In his first job out of school as a consultant, John Liu felt something was missing—two weeks into a Morgan Stanley internship, he found his calling.
John Liu’s first project as a summer analyst happened to be a complex merger deal that plunged him into the intense and intricate world of finance.
I was seeing what few people have the opportunity to see.
“It was something amazing to witness,” Liu recalls. He was elated to finally get an exclusive look behind the curtains of the industry. “I was seeing what few people ever get to see. That is how you learn and grow.”
His internship at Morgan Stanley marked a new chapter in his life—and a change in career. Liu, who studied economics and joined a consulting firm after he graduated from the London School of Economics and Political Science, felt that something was missing. “I lost my passion, and I didn’t feel like I was having much of an impact on the world” he says of that time. “I needed more from the job.”
And that meant a change. At the time, Liu was already nurturing a budding interest in finance, and decided to take a risk. He left his consulting job for Oxford University, where he earned a Master’s in Financial Economics. His search for a new direction yielded many opportunities. He chose Morgan Stanley. “Everyone else made me feel like a cog in the machine,” he says.
In June, 2016, Liu began his Morgan Stanley internship, with Investment Banking in mergers and acquisitions. Two weeks in, he had already decided that this was the job he had been searching for all along, as he found himself in closed-door meetings and confidential calls to discuss strategy and the details of deal-making. He prepared data for senior bankers interacting with clients, many of whom were the presidents and CEOs of top businesses.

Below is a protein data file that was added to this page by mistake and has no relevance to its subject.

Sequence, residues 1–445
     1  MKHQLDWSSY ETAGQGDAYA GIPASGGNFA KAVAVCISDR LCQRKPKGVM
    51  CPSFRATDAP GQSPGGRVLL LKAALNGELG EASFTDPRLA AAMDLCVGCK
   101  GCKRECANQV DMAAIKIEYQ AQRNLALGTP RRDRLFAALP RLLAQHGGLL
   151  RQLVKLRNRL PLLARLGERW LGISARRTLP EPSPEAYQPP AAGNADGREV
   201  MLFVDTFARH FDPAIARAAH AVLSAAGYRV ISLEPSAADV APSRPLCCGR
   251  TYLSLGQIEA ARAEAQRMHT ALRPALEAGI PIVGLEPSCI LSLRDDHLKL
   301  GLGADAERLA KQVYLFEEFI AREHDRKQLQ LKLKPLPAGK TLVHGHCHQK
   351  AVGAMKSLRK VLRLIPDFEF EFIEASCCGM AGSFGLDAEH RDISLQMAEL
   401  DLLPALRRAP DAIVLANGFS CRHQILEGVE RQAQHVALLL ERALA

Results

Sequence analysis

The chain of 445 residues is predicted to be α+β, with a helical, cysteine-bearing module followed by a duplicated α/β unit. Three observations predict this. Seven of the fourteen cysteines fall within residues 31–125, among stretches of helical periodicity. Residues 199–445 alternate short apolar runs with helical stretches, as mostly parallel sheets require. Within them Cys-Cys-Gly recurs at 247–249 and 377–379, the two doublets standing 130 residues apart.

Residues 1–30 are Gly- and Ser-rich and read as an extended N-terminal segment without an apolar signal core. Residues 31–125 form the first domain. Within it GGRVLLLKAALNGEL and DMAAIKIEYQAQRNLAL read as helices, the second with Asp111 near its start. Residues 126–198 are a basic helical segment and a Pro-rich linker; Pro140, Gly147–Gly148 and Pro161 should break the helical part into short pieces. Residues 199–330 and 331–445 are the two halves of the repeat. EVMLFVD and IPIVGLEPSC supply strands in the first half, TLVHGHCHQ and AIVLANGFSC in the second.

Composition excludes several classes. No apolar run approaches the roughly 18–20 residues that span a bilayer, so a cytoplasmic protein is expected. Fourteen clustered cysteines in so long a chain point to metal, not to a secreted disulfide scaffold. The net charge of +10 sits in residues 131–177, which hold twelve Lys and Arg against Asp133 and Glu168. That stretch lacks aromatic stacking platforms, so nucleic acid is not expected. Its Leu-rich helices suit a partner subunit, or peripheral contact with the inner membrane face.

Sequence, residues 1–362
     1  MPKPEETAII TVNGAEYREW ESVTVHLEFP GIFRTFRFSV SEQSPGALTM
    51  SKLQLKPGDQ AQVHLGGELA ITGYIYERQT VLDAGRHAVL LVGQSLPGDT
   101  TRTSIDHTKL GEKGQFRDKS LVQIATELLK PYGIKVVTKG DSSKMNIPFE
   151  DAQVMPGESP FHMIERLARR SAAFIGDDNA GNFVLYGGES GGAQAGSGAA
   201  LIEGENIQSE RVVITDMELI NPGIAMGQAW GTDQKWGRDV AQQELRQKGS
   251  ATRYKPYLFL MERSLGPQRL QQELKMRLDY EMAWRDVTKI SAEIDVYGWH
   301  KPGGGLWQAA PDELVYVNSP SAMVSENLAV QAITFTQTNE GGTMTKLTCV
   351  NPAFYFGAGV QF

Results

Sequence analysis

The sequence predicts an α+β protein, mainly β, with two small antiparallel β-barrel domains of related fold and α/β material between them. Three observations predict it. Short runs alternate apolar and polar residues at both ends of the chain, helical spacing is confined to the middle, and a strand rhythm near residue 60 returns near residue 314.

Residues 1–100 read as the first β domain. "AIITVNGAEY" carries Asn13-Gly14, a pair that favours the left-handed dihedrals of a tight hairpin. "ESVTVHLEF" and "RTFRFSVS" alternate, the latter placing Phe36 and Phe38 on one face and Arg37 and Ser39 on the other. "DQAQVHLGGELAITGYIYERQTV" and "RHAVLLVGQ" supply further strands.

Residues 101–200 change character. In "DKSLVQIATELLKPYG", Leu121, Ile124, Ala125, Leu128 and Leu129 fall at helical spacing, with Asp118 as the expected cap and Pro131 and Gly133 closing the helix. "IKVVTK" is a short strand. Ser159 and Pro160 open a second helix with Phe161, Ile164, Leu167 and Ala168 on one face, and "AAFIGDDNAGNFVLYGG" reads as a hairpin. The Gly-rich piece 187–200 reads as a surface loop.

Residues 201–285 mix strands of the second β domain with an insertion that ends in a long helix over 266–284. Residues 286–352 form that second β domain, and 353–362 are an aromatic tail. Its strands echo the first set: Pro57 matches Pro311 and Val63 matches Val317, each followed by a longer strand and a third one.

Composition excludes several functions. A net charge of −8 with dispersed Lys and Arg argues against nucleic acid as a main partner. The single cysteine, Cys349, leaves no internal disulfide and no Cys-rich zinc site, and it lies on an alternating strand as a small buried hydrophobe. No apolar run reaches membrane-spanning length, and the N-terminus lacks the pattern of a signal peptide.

The work wasn’t easy. Pressure ran high and the hours could be long, but Liu enjoyed every minute. The work fused art and science, data analysis with an array of inputs, to help determine the value of a company—current and future. “The job is fundamentally asking ‘what does a company do and how much is that worth?’ ” Liu says. Even though the deal he spent the most time on that summer ultimately didn’t come off, “I felt like I was making a difference in the business world at an early stage in my career,” he says. “It was incredibly insightful. I could see I had an impact.”
For any summer analyst to secure a full-time position at the firm, Liu knew that he would have to show his ambition through his work ethic. He made himself a resource and aimed for perfection.
“There’s no settling mentality here,” Liu says. His senior managers could tell that he cared about working at the firm, and that he put tremendous value on getting things right, he says. “I showed them that I wanted the job, and that I appreciated the opportunity.”
Liu’s effort paid off. He was hired to participate in a three-year analyst program that combines mentorship and increased responsibility. The position allows him to work with the same team that he worked with as a summer analyst.
Now, fully immersed in the new career that he chose and fought to land, Liu is still learning the ropes and applying what he’s learned while taking on more projects. These days, he’s busy modeling the details of various deals, which senior bankers rely on when meeting with clients. His role is as intense as ever and even more satisfying when deals work out. Liu is particularly thrilled that he helped launch a company’s initial public offering within six months of being hired.
“This is the kind of influence I wanted on big business,” he says. “I still have a lot to explore, and I’m where I want to be.”